By Marc Lassalle—PARIS
FOR TWO months France has been convulsed by strikes and protests against President Emmanuel Macron’s attempt to raise the retirement age from 62 to 64, a measure that will affect all employees but especially manual workers and women, and is rejected by a large majority of the population according to opinion polls.
After nine days of strikes, massive demonstrations and months of trying to buy the votes of the right wing Republicans in the National Assembly, the government still could not obtain a majority. So the president resorted to rule by decree to impose the change without a parliamentary vote.
This catapulted the crisis into a new political stage. The issue is now Macron’s survival as the undemocratic nature of the Fifth Republic, embodied in the authoritarian powers of the presidency, are being called into question.
Resistance and repression
On 23 March 3.5 million demonstrators filled the streets of France. With 800,000 in Paris, 250,000 in Marseille, 110,000 in Bordeaux, 55,000 in Lyon, 50,000 in Clermont-Ferrand, many are record turnouts.
Indefinite strikes continue at four of the country’s seven major oil refineries and a fifteen-day strike by bin workers in Paris led to large piles of rubbish choking the capital. One placard read ‘Jupiter, the people will bring you back down to Earth’, referring to the nickname Macron’s lofty manner has earned him.
Interior Minister Gérald Darmanin deployed 12,000 police, including 5,000 in Paris. The CRS, France’s violent riot police, launched teargas canisters and batons, while young demonstrators reacted by setting fire to piles of rubbish and cars. In addition, a special anti-protest motorcycle unit, armed with handguns, batons and teargas grenades, has been recorded on video and audio beating, intimidating and threatening people.
Another national mobilisation is due on 28 March but smaller, localised demonstrations have continued on a nightly basis. Macron poured petrol on the fires when he accused protesters of being the same as the Trump supporters who stormed the US Capitol and of seeking to overthrow democracy, petulantly declaring: ‘I will not tolerate any misbehaviour’.
But it was Macron who overturned democracy when he triggered article 49.3 of the Constitution, which allows him to overrule parliament and pass laws without the support of a majority of MPs, let alone a popular mandate. This outrageous trampling of democracy provoked a fresh series of nightly protests for more than a week. Increasingly, young people are to the forefront in these battles with the security forces; they will not be robbed of their democratic rights!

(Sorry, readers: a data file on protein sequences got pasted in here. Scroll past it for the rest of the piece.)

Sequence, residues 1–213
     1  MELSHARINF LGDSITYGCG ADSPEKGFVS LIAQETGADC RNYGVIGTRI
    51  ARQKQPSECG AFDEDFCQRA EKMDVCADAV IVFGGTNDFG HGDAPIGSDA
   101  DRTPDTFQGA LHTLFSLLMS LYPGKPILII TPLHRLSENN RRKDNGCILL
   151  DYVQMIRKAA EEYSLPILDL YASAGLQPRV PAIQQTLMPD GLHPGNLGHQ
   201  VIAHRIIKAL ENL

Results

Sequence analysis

In the workplaces the tempo of the struggle is still uneven, although parts of the railways, energy supply, docks and refuse collection have been on strike for weeks. The ports at Marseille and Rouen are blockaded, along with several refineries. Petrol shortages are severe in the south and creeping inexorably across the country.
All the trade union federations declared they would bring the country to a standstill in March. The reality, however, is somewhat different. While some well-organised sectors are conducting ‘renewable strikes’ (voted at daily workplace assemblies each morning), there is no generalised strike. Millions are brought onto the streets for the days of action, but the number of strikers outside those days is rather low.
What is going on? The trade union leaders have staked their credibility on this battle—they cannot concede defeat today. Since the pension reform is widely and correctly seen as stealing two years’ retirement, defeat would be mean admitting they lack the power to defend workers’ existing conditions of life and work, never mind fight for improvements.
Despite the stakes the unions are resisting the call for a general strike, increasingly heard on the streets. The reason is simple. The number of unionised workers in France is low, less than one in 10. The leaders therefore prefer to combine strikes in well-organised strategic sectors, in combination with ‘days of action’ for everybody else.
Now that Macron has thrown down the gauntlet of his presidential authority, the struggle requires political action on an equivalent scale. For the union bureaucracy a general strike would mean the organisation of local, regional and national leaderships to coordinate it. So the leaders equivocate and throw the responsibility back to the renewable strikes, voted by workplace general assemblies of strikers. Of course most workers still view the union leaders as their trusted leadership, in part because the trade union front (the intersyndicale) remains united and the leaders’ speeches have a radical tone.
Nevertheless, limiting things to one-day strikes, even weekly ones, is a strategy for defeat.
The call on the leaders for a general strike should grow ever louder as must efforts to bring it about at workplace and local level. Coordinations of delegates from the different unions, which have existed in previous major movements, need to be created today. They will need to link up with the students in the lycées (high schools) and universities. In Paris and Toulouse are students have already occupied their buildings, an example to be followed nationally.
Coordinations must grow into real councils of action and take charge of a general strike, not just to force the repeal of the Macron’s pension decree but to kick him and his government out altogether. As Marceau Pivert said, faced with the great wave of factory occupations of 1936, ‘Tout est possible’—everything is possible. But for this the problem of strategy and leadership will have to be solved.